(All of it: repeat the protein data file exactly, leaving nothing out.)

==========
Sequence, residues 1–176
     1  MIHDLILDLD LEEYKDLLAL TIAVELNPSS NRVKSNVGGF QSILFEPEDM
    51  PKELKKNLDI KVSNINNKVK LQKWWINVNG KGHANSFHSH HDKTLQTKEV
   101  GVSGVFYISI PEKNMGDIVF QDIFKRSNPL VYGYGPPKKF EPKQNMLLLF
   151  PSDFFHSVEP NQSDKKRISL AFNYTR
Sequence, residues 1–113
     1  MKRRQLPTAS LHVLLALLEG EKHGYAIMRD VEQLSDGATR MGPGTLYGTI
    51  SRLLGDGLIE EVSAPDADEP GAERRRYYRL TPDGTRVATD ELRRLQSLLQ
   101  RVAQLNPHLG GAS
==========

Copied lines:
Sequence, residues 1–176
     1  MIHDLILDLD LEEYKDLLAL TIAVELNPSS NRVKSNVGGF QSILFEPEDM
    51  PKELKKNLDI KVSNINNKVK LQKWWINVNG KGHANSFHSH HDKTLQTKEV
   101  GVSGVFYISI PEKNMGDIVF QDIFKRSNPL VYGYGPPKKF EPKQNMLLLF
   151  PSDFFHSVEP NQSDKKRISL AFNYTR
Sequence, residues 1–113
     1  MKRRQLPTAS LHVLLALLEG EKHGYAIMRD VEQLSDGATR MGPGTLYGTI
    51  SRLLGDGLIE EVSAPDADEP GAERRRYYRL TPDGTRVATD ELRRLQSLLQ
   101  RVAQLNPHLG GAS